In this missive, I show two connections between two lines of ancestors, the Labots’ and the van Zadelhoff’s.

As usual, red indicates ancestors and blue indicates other blood relatives. Most of these people lived in or near, or had some connection to Rheden.

The first connection I found was the marriage between my 1st cousin 3 times removed Johannes Labots (1853-1934) and my 5th cousin twice removed Derkje Janssen van Gaalen (1851-1926).

A few days later, I found another connection. my 4th cousin 3 times removed Jacoba Blankers (1835-1871) was married to Teunis van Engelenburg (born 1845). Teunis was the nephew of Jantje Willemsen (1802-1868) who was married to my 2nd great granduncle Johannes Labots (1804-1884).

Cheers! Hans

On Poe’s Law

Recently on Facebook, someone posted a quote which, on first glance, seemed totally absurd. It took a bit of googling to realize that the quote was intended as satire. And indeed, a brilliant piece of satire it was. After thinking some more about it, I realized something I’d known for some time: The best satire is that which is virtually indistinguishable from what’s being satirized.

Googling some more, I was reminded of “Poe’s Law“, which states that without a clear indicator of the author’s intent, it is impossible to create a parody of extreme views so obviously exaggerated that it cannot be mistaken by some readers or viewers as a sincere expression of the parodied views.

RationalWiki has a good list of examples of Poe’s Law. One of the oldest and still best examples of such extreme parody on-line is the website for the Landover Baptist Church.

Which brings me to the point of this tome, the current president of the United States, whose name I can barely utter without reaching for the barf bag. As many of my friends and acquaintances know, I’m no fan of the “orange asshat” (Also sometimes called the “talking comb-over” or “Decomposing pumpkin pie inhabited by vicious albino squirrels“.)

But here’s one reason why I personally detest the man so much: He has spoiled late-night TV for me. Ever since the “Hairpiece come to life” was elected, I can’t watch such great shows as The Daily Show with Trevor Noah and Full Frontal with Samantha Bee. And especially not The President Show.

After all, how can you satirize someone who himself is such a parody? Who in their right mind can take such a man seriously as a politician? How can you read about him hiring a Disney star to his staff or his lunatic tweets without wondering if it isn’t all some big joke. True satire just can’t compete with the reality of the “Hair plug swollen with rancid egg whites“.

We can only hope that this nightmare of a presidency will soon come to an end. At least we all know that now, fewer and fewer people in politics are taking him seriously, while more and more people are ganging up against him. He is the true epitome of a lame-duck president, holed up in his bedroom in the Executive Residence, simply counting the days before he’s hauled away in chains.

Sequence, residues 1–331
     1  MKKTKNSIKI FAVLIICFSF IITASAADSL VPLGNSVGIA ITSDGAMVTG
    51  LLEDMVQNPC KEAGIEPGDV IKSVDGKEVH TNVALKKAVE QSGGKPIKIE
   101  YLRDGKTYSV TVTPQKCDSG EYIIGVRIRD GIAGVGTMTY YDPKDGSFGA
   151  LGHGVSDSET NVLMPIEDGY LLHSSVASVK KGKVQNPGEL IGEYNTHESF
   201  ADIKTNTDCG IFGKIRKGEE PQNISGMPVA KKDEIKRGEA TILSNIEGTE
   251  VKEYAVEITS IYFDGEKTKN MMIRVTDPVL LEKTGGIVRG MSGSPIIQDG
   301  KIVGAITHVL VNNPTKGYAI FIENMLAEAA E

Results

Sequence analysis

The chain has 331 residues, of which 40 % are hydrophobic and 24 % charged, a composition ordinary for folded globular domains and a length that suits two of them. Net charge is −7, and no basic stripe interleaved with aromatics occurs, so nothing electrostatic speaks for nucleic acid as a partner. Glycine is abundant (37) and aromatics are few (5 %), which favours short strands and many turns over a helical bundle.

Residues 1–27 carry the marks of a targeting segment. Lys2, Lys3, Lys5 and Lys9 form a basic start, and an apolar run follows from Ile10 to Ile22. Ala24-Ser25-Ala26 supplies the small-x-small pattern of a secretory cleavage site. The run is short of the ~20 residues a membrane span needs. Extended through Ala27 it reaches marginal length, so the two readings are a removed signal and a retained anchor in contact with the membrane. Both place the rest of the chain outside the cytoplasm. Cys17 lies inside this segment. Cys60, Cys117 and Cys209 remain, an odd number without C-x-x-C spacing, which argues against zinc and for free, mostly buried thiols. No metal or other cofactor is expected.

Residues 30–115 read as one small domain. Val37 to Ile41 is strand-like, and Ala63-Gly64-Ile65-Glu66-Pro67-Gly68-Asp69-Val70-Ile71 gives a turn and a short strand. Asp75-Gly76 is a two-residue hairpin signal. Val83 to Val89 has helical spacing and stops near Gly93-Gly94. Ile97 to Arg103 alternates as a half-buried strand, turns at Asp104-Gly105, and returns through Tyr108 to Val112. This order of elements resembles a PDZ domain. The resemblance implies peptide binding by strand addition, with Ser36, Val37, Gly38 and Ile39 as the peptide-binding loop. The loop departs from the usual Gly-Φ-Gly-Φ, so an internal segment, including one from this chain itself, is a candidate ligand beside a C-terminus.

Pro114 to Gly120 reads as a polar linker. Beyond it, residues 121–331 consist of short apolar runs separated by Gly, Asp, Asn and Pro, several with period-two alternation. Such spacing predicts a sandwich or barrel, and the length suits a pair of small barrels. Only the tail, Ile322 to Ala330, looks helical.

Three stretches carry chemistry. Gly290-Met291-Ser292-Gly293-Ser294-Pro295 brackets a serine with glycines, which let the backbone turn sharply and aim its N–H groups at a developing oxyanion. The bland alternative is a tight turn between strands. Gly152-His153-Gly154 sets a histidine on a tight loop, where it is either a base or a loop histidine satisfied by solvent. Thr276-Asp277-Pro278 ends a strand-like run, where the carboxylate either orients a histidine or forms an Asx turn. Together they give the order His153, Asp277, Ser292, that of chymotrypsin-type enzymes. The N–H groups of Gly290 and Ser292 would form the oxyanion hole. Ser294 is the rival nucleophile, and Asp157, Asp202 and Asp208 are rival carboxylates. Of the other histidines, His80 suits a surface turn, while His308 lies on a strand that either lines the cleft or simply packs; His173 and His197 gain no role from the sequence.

Cheers! Hans


The Tangled Web In Rheden

A Bridge Between my Moll and van Sadelhof Ancestors

I was casually recording information about some distant cousins with surname Brouwer, descendants of my Moll ancestors, and I came upon one distant cousin named Christian Brouwer, born 1847 in Zevenaar.  As I sometimes do, I did some searching on his wife’s family.

Christiaan Brouwer was married to Cornelia Jurriens, born 1843 in Rheden, a place that was home to many other cousins and ancestors. Her mother was Johanna Belder, born 1811 in Velp, a village just west of Rheden. When I found a few other people with surname Belder in my database, I had to dig further. Quickly, I discovered connections between the Belder family and my van Sadelhof ancestors.

In this drop chart, red indicates my ancestors and blue indicates other blood relatives. Most of these people lived in Rheden or in neighboring villages such as Velp. (To follow along better, open the chart in a new window.)

First, I must note that as we go further back in time, the evidence becomes more and more sketchy. But we do the best we can with what we have.

Within the van Sadelhof family, we see a couple of cases of cosanguinuity (or marriage between cousins). In 1774, Antonij van Sadelhof (born 1747) married his second cousin Bartjen van Sadelhof (born 1748). And in 1790, Jan van Sadelhof (1754-1831) married his third cousin Hendrina Wamsteker (1773-1820).

Not shown in this chart, the first wife of Jan van Sadelhof was Jenneke Brouwer (born 1759 in Lathum). Her sister Fenneken Brouwer (1761-1801) married Jan’s brother Willem (1759-1831).

But let’s get back to the main theme of this posting, the bridge between my van Sadelhof ancestors and my Moll ancestors. Jan Belder (1745-1797) married twice. First in 1788 in Rozendaal to Anna Maria Ekses (died 1789), and then in 1790 in Lathum to Gardina Hermsen (born 1766 in Lathum).

From his first marriage, Jan Belder’s son Martien Hendrik Belder (1789-1849) married Hendrika van Sadelhof (1792-1858). And from his second marriage, Jan’s son Hendrik Belder (1793-1827) married Margrieta van Sadelhof (1791-1863). Both weddings occurred in 1812.

Jan Belder’s brother Cornelis Belder (1754-1832) was married in 1808 in Velp to Enneken de Winkel (1785-1866). These were the grand-parents of Cornelia Jurriens, mentioned back at the beginning of this tome, thus completing the bridge between the van Sadelhof’s and the Moll’s.